In the Internet age, stalking has become an increased concern. Because of the Internet and social media, stalking is no longer limited to physically following someone or making harassing phone calls. Stalking can lead to a serious disruption of the victim’s life, and cause the victim to suffer severe emotional distress. Accordingly, recent laws have provided more protection against stalkers.
Until recently, stalking was addressed as a form of harassment or nuisance. Some states — including Texas — have enacted anti-stalking statutes that specifically address the issue of stalking, and have created a specific cause of action for stalking.
Under these anti-stalker statutes, stalking is harassment, and includes contacting, following, annoying and/or threatening someone. A victim must reasonably be in fear of his or her safety, or of that of an immediate family member, or even the safety of someone who lives with the victim.
The victim must also establish that the defendant engaged in a pattern of conduct that would amount to stalking. One telephone call or personal appearance at work will usually not suffice. The defendant must also have threatened the victim in such a way that the victim genuinely was in fear. Furthermore, the threats must be aimed at a specific person and not be general in nature.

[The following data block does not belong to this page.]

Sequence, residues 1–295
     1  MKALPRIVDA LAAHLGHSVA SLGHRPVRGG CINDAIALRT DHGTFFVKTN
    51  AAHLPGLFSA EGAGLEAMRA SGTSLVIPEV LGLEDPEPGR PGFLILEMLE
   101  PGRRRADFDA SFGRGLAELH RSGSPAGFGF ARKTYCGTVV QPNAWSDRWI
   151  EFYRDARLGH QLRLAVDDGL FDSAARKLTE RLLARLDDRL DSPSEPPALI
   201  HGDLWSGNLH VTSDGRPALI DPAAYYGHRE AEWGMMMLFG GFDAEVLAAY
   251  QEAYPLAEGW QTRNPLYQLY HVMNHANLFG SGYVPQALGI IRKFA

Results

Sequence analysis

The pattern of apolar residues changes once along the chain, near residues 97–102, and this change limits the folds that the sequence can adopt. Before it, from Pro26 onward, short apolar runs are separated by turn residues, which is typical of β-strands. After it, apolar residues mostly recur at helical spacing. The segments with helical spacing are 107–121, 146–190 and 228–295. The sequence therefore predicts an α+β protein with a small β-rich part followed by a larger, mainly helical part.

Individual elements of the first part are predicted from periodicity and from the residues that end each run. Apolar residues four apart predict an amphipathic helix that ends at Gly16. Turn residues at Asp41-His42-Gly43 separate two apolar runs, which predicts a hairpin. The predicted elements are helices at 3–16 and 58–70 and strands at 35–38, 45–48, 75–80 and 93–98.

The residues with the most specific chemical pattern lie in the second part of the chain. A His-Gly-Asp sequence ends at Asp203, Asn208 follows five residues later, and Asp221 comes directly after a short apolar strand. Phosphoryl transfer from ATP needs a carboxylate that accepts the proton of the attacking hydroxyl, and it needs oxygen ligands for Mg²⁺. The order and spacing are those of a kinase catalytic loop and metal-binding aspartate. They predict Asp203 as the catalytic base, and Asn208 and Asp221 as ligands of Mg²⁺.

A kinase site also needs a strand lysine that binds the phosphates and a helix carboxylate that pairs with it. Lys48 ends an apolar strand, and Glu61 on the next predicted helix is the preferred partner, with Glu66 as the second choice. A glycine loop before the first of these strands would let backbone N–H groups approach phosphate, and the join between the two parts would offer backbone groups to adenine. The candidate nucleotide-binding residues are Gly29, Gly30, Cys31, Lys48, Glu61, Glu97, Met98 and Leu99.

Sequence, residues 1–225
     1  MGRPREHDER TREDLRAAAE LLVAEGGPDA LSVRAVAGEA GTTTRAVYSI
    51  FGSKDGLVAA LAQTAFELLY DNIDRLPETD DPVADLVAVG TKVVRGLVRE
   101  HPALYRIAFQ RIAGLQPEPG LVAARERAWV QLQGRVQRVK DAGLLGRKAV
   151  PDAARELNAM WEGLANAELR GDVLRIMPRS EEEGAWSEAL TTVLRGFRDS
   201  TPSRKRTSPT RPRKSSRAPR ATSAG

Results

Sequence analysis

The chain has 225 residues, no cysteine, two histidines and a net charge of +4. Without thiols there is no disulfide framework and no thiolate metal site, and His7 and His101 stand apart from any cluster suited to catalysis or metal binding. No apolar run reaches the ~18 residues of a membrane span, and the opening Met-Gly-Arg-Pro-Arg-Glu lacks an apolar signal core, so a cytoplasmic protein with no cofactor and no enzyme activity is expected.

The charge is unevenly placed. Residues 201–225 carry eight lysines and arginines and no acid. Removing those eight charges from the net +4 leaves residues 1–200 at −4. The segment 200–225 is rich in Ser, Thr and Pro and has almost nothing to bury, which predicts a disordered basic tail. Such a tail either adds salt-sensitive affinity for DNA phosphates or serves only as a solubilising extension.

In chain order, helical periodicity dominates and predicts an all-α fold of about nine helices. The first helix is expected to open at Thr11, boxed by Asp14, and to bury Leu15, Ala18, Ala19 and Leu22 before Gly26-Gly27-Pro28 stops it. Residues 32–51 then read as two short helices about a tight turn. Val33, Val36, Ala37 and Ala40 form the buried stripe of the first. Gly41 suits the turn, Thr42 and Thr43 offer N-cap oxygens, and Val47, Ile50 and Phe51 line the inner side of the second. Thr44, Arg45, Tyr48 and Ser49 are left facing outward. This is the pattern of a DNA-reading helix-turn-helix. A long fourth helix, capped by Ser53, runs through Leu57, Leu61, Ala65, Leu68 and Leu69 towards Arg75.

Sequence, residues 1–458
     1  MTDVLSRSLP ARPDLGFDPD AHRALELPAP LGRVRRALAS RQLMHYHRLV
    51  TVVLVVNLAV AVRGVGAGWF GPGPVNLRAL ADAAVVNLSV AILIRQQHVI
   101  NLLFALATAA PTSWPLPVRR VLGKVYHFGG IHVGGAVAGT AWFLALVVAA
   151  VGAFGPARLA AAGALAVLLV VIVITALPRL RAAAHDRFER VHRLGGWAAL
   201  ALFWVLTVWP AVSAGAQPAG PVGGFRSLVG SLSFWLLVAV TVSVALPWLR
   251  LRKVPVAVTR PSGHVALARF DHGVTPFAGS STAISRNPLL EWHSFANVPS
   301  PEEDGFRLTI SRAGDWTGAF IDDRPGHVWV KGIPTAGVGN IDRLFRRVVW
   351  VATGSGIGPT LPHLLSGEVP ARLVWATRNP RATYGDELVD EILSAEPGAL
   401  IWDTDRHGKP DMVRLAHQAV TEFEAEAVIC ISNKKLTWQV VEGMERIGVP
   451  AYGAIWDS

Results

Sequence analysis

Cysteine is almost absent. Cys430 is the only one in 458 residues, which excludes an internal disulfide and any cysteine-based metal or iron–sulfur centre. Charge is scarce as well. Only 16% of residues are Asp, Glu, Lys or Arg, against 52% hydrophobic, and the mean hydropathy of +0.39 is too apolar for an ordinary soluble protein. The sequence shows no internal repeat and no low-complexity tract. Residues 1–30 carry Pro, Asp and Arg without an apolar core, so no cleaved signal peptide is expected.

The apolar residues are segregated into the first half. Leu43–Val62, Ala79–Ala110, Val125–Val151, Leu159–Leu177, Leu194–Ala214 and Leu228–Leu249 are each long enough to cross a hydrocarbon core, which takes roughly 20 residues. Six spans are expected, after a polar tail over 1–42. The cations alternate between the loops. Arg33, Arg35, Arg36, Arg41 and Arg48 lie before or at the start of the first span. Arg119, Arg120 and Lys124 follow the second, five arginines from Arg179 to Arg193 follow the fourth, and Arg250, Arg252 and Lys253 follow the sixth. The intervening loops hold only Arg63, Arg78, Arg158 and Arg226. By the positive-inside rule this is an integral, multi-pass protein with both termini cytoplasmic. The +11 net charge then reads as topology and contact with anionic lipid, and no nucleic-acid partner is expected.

In drafting anti-stalking laws, state legislatures have recognized that technology has increasingly made contact easier. Current anti-stalking laws encompass many devices used for stalking, including cell phones and computers.
Of course, the threats or harassment made by a stalker must be credible, and without a legitimate purpose. Simple contact alone is not enough, and the threats must be such that severe emotional distress is a reasonable consequence.
In Texas, stalking is a Third Degree Felony unless there is a prior conviction for stalking. In that case, it is upgraded to a Second Degree Felony.
In addition, a stalker may be liable for general damages such as emotional distress, medical treatment related to the emotional distress, and perhaps punitive damages. The defendant may also be subject to an order prohibiting him or her from engaging in further conduct or contact with the victim.
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